I am currently reading Elizabeth Bear’s Shattered Pillars, and have M.J. Locke’s Up Against It and Steven Brust’s The Book of Jhereg to go. Unlikely I’ll get through them all by VP, but that’s what airplanes are for!

Viable Paradise prep #2 – Reviews, Part One

Lately I’ve been trying to learn how to read a novel more critically, to really figure out what I liked or didn’t like about them. So this is an exercise for me, on top of whatever meager value it may have for my readers! It’s a little weird to do this when I’ll be meeting all these authors, but I figure I’ll be the target of plenty critiques of my own.

Books are listed in the order I read them. Minor spoilers only.

I definitely enjoyed reading this, but I’d say it was my least favorite of the three Gentleman Bastard books. The dialogue was still great, witty and funny, with the characters to back it. I know some people didn’t like Sabetha, but I had zero problems there. She came across to me as a character of hidden depths, of density: we only get the barest hints of her recent years, but those hints certainly sufficed for me. Some people didn’t like the ending, but I was… torn. It wasn’t entirely believable, given how easily he accomplishes things that ought to have been impossible; but it was propulsive and exciting and I loved reading it.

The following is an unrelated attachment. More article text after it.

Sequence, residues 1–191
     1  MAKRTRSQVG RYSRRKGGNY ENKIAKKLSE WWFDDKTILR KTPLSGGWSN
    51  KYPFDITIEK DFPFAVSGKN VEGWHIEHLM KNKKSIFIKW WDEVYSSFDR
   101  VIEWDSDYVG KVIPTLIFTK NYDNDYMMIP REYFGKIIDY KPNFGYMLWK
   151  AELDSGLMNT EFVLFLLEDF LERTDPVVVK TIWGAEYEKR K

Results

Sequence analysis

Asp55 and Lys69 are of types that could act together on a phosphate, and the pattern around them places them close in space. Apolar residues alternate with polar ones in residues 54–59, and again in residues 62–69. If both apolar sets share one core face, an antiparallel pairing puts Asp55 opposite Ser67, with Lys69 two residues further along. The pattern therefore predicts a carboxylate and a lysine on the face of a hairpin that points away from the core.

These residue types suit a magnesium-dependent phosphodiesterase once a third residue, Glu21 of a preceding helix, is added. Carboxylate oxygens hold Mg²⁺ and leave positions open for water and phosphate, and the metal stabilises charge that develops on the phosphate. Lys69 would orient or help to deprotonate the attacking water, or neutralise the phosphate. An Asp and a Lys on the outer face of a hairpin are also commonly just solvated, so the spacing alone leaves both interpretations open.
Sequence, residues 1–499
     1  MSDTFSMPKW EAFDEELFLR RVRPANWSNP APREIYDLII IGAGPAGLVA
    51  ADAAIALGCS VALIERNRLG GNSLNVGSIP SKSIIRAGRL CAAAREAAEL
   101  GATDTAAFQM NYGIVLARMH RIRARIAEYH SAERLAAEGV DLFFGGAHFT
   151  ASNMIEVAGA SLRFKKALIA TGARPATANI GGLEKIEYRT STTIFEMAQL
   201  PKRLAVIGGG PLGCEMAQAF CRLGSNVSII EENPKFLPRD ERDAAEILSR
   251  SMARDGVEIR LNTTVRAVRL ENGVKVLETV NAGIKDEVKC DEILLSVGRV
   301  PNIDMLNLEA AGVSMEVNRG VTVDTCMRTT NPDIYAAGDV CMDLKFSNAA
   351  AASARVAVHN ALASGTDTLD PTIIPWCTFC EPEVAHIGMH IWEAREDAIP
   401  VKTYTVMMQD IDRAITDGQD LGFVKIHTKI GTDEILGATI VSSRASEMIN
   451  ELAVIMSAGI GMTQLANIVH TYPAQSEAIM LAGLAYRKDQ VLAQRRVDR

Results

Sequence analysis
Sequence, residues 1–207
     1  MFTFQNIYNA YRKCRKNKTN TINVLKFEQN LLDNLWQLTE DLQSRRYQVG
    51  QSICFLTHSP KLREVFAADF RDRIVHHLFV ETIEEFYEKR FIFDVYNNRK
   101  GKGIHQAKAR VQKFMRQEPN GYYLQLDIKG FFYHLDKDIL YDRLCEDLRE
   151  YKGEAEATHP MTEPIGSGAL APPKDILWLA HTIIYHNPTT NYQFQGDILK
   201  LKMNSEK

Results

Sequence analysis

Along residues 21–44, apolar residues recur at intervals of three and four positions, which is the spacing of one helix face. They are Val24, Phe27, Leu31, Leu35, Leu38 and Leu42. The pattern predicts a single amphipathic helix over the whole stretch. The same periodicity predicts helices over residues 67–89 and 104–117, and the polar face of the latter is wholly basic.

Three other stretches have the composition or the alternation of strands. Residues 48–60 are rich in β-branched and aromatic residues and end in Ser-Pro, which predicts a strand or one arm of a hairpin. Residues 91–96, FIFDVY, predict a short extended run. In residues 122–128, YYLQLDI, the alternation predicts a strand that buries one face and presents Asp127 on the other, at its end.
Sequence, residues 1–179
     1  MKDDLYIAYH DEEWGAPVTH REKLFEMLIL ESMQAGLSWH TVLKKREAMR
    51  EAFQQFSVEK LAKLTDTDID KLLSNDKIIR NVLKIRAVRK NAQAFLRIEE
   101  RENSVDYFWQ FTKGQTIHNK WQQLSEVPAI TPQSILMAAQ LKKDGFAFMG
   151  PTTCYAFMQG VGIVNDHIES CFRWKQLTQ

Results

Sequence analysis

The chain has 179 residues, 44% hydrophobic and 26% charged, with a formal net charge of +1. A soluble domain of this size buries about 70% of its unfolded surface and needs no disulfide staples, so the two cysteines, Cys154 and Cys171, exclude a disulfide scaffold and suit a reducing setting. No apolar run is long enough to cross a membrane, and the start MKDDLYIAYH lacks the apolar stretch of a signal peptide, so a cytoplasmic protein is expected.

What I didn’t like was the main (present-day) plot. It had no tension and no stakes; nobody cared if Locke and Jean won or lost. They barely even cared themselves. Furthermore, there was no big interesting scheme, only a bunch of trivial back-and-forths between them and Sabetha. The actual election got only cursory attention most of the time (“Dot all the i’s, cross all the t’s, leave no bribe unbribed!”), aside from a clever but brief con at the end, which only made it clearer how unimportant the election was. The backstory plot from their younger years, which I didn’t like in Book 1, had all the fun tension missing from the election plot: there was danger, there was reward, there was a big con that took many tense scenes to pull off.

  • Sherwood Smith: Inda

This book helped me articulate one of the reasons why I usually don’t enjoy YA novels. The stakes were plenty high, but the motivations were all childish. The primary motivations of the princes and warrior-kings were things like old crushes, schoolyard jealousies. Affairs of state took back seat to these teenage-level personalities. There was also a distinct, literal “cleaned-up” nature to the society, which seemed to tie into the history/cosmology/plot for future books, but it wasn’t to my taste as a reader.